With premium programs like PlayStation Plus and Xbox Live Gold, gamers are given the option of downloading high quality titles for free as a perk of the subscription. Although some of these titles are older, they are definitely worth review. So we are inaugurating a new feature that highlights free game downloads and looks at their accessibility.

 

PlayStation All-Stars Battle Royale

This month, if you are a PlayStation Plus member, you can download their franchise mash-up arena fighter for free. I’ve put many hours on the paid version of this game, and it’s an enjoyable smash fest that’s easy to pick up and put down. Unlike other games in the genre, the characters in Battle Royale all feel different and have distinct play styles. As a result, players will be able to experiment and find a specific play style that is right for them and is unique to an individual character. This means that if a player with a fine motor disability has trouble with the up close and personal fighting style of a character like Raiden from Metal Gear, they can pick a long range sniper like Colonel Radec who can hit enemies from across the map.

The game is probably a good match for most gamers with fine motor disabilities since it only relies on the face buttons, and the control scheme seems to be simpler than other arena fighters. Unfortunately, however, gamers with visual disabilities will still struggle since each battle constantly zooms in and out to give players the best view of all four participants. Also, since performing supers are the only way to score points in this game, visually impaired players need to be careful which players they pick since some supers turn characters invisible, and others make opponent characters seem really tiny.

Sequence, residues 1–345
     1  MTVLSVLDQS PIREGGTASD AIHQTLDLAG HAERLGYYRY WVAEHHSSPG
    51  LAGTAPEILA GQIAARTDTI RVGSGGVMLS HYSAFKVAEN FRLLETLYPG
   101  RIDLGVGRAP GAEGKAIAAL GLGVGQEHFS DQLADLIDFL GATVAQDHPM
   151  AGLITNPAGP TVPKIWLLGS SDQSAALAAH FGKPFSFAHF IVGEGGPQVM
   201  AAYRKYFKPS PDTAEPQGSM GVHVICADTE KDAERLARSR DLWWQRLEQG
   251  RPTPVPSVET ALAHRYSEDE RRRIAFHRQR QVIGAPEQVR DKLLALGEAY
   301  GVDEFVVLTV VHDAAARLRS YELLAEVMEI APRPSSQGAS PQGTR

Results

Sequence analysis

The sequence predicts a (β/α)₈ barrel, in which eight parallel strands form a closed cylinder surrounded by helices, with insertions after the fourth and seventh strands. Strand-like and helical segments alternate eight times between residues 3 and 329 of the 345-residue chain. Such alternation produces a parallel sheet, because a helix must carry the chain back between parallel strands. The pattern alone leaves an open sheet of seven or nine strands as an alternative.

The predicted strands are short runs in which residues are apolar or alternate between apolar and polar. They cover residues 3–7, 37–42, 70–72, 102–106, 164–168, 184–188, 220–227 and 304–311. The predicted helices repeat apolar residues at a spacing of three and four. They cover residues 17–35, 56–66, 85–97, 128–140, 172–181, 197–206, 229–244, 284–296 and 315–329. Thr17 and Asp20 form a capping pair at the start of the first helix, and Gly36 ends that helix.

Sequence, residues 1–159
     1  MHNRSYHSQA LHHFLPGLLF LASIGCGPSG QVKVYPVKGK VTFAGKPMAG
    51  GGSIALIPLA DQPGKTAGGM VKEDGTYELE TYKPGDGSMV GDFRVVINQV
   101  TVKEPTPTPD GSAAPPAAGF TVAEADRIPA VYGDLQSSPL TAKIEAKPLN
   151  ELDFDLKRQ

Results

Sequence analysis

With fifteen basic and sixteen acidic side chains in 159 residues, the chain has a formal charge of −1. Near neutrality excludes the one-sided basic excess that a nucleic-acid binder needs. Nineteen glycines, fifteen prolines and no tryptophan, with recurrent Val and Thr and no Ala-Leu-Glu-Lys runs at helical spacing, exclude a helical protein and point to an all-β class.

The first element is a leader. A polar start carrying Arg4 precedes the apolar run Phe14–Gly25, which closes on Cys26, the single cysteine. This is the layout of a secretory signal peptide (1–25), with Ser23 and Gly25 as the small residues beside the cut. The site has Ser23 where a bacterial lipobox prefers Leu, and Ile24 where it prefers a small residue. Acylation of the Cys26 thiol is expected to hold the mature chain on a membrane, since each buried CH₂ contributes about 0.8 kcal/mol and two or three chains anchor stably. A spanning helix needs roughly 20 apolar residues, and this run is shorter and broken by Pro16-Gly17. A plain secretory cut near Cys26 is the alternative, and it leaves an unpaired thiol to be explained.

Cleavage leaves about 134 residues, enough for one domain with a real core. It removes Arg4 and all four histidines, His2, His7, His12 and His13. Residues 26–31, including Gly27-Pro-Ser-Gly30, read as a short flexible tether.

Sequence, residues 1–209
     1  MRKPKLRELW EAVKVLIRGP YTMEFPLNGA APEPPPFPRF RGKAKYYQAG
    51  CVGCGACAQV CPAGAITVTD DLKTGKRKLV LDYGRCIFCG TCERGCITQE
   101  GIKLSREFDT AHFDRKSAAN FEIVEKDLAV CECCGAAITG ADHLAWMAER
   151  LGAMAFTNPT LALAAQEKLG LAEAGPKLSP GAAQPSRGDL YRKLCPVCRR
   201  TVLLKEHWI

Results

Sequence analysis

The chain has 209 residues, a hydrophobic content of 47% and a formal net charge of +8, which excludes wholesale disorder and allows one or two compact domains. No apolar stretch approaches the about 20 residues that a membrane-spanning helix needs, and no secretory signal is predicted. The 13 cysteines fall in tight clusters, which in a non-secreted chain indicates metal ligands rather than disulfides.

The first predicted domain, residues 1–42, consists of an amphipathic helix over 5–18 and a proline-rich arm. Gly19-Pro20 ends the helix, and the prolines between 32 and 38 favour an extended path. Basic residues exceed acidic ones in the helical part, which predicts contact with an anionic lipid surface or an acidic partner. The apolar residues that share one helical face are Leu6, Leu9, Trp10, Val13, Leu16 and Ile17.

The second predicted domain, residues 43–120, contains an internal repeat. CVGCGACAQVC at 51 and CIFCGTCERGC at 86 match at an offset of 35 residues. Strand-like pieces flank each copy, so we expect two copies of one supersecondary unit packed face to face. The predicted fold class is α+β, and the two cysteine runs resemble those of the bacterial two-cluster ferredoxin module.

There is only one area where players with hearing disabilities will be at a disadvantage: the Little Big Planet stage. Halfway through the battle, the Little Big Planet stage turns into a stage honoring the game Buzz!, in which players are quizzed while fighting and have to stand on a platform displaying the right answer in order to avoid being damaged. As a result, players will have to be able to hear the announcer ask the question if they hope to avoid this pitfall. But there are no subtitles in-match, which means that hearing impaired players (if they get this game) should do their best to avoid this stage.

On the whole, PlayStation All-Stars is a reasonably fun and accessible game and is definitely worth the free download on PlayStation Plus this month.

 

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